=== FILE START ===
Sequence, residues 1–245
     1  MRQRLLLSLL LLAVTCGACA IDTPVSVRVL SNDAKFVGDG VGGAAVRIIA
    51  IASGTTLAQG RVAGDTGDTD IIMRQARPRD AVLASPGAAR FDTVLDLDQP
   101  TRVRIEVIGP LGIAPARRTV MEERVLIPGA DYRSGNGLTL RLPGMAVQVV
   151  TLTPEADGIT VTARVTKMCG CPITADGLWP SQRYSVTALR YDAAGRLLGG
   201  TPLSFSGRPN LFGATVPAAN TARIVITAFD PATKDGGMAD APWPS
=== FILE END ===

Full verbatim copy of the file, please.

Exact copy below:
Sequence, residues 1–245
     1  MRQRLLLSLL LLAVTCGACA IDTPVSVRVL SNDAKFVGDG VGGAAVRIIA
    51  IASGTTLAQG RVAGDTGDTD IIMRQARPRD AVLASPGAAR FDTVLDLDQP
   101  TRVRIEVIGP LGIAPARRTV MEERVLIPGA DYRSGNGLTL RLPGMAVQVV
   151  TLTPEADGIT VTARVTKMCG CPITADGLWP SQRYSVTALR YDAAGRLLGG
   201  TPLSFSGRPN LFGATVPAAN TARIVITAFD PATKDGGMAD APWPS